Important scholastic media law cases

Dean v. Utica

This Michigan case reaffirmed the importance of being a forum by policy or practice. CLICK HERE for an article by John and Candace Bowen on why this case is important.

  • Mike Hiestand answers some frequently asked questions in this National Scholastic Press Association article. CLICK HERE
  • First Amendment Press / Free Speech Timeline compiled by Joyce Gemperlein, special to J-Ideas CLICK HERE
  • November 2004 SPLC summary of the case: “Court releases opinion on Utica high school censorship case.” CLICK HERE.
  • “Pressing Standards: Student Journalist Schools Administration Censors” Jason Simms writes in this Feb. 28, 2007 article for The Stranger. CLICK HERE

Bong Hits 4 Jesus

In a 2007 5-4 vote, the Supreme Court ruled that school officials can prohibit students from displaying messages that promote illegal drug use. Chief Justice John Roberts’s majority opinion held that although students do have some right to political speech even while in school, this right does not extend to pro-drug messages that may undermine the school’s important mission to discourage drug use. The majority held that Frederick’s message, though “cryptic,” was reasonably interpreted as promoting marijuana use – equivalent to “[Take] bong hits” or “bong hits [are a good thing].” In ruling for Morse, the Court affirmed that the speech rights of public school students are not as extensive as those adults normally enjoy, and that the highly protective standard set by Tinker would not always be applied. In concurring opinions, Justice Thomas expressed his view that the right to free speech does not apply to students and his wish to see Tinker overturned altogether, while Justice Alito stressed that the decision applied only to pro-drug messages and not to broader political speech. The dissent conceded that the principal should have had immunity from the lawsuit, but argued that the majority opinion was “[…] deaf to the constitutional imperative to permit unfettered debate, even among high-school students […].”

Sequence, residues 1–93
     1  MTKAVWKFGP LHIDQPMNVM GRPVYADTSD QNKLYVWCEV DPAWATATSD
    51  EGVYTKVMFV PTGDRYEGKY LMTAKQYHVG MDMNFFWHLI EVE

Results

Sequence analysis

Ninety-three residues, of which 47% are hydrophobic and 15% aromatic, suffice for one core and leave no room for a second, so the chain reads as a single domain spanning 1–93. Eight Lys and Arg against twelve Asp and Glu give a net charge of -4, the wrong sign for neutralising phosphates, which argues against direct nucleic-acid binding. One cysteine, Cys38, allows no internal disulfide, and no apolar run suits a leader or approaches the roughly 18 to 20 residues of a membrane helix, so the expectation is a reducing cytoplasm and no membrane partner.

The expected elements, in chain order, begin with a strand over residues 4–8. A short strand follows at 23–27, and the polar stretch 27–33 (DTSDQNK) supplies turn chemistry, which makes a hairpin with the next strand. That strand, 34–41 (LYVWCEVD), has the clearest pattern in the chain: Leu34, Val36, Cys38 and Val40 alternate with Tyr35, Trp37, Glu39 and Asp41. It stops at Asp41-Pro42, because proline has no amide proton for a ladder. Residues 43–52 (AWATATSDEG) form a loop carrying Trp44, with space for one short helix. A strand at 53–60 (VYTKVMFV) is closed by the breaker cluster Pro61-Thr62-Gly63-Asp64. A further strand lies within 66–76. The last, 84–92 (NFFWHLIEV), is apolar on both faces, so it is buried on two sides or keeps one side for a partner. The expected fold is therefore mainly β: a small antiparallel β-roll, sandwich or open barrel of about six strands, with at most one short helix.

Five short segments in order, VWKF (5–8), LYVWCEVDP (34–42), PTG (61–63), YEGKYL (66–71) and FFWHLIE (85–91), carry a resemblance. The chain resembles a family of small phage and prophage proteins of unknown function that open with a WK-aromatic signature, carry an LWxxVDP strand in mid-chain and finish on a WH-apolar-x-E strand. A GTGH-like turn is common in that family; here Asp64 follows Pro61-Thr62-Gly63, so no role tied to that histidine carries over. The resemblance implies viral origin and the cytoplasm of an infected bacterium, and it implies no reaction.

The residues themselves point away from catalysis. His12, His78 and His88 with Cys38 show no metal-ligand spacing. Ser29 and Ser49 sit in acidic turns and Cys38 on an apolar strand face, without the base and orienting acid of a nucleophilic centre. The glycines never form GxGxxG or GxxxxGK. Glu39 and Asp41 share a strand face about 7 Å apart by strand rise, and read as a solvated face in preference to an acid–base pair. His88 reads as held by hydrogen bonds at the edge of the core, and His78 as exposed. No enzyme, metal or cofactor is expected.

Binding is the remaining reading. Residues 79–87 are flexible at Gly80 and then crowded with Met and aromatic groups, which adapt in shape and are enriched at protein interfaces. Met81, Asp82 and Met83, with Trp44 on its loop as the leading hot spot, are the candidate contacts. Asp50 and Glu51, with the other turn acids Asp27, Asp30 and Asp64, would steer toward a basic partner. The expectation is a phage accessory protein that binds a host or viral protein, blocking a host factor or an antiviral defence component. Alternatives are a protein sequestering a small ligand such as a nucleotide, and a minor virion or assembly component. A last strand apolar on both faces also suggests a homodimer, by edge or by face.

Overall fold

• Justices to Hear Landmark Free-Speech Case: Defiant Message Spurs Most Significant Student 1st Amendment Test in Decades” CLICK HERE for this March 13, 2007 Washington Post article by Robert Barnes
  • “Up in Smoke at the High Court.” CLICK HERE for this March 20, 2007 article from the Washington Post by Dana Milbank
  • CLICK HERE for the Supreme Court media summary of the case from The Oyez Project.
  • Supreme Court rules in Bong Hits case in this 2007 Student Press Law Center article. CLICK HERE
  • “Ruling ‘Bong Hits’ out of bounds,” Reynolds Holding reports in this 2007 Time magazine article. CLICK HERE
  • “From Facebook to yearbook, teens get a jolt,” Daniel de Vise reports in this 2007 Washington Post article. CLICK HERE
  • “Supreme Court Rules Against Student In ‘Bong Hits 4 Jesus’ Case: Decision tightens limits on students’ right to free speech.” CLICK HERE for this 2007 article from MTV news by Chris Harris.
  • “Supreme Court Rules Against Student in ‘Bong Hits 4 Jesus’ Case” CLICK HERE — for this 2007 article from PBS Teachers by Andy Carvin.
  • “Supreme Court Rules Against Student in ‘Bong Hits 4 Jesus’ Case” — CLICK HERE for this 2007 Associated Press article.
  • “Supreme Court: No pro-drug speech in schools” — CLICK HERE for this 2007 blog entry in the Chicago Times online Washington bureau by Frank James.
  • Experts say Alito key factor in ‘Bong Hits’ decision an article from the Student Press Law Center CLICK HERE
  • U.S. Supreme Court denies school’s petition to hear anti-Bush T-shirt case, this 2007 article from the Student Press Law Center reports. CLICK HERE
  • Bong Hits 4 Jesus – The Game from Students for Sensible Drug Policy CLICK HERE
  • From the Wall Street Journal by Daniel Henninger: “Bong Hits 4 Jesus—Explained: Will the justices overturn Tinker? Nah, they’ll just tinker.” CLICK HERE
  • “Supreme Court Rules Against ‘Bong Hits 4 Jesus’ Student: Ruling Narrows Student Right to Free Speech” ABC News reports in this 2007 article by Araine deVogue CLICK HERE
  • “Commentary: Beyond the schoolhouse gate” in this June 25, 2007 blog from the Supreme Court of the United States by Lyle Denniston CLICK HERE
  • “Kirkland & Ellis LLP Announces U.S. Supreme Court Decision on Closely-Watched First Amendment Student Speech Case” — a press release from the attorneys in the case. CLICK HERE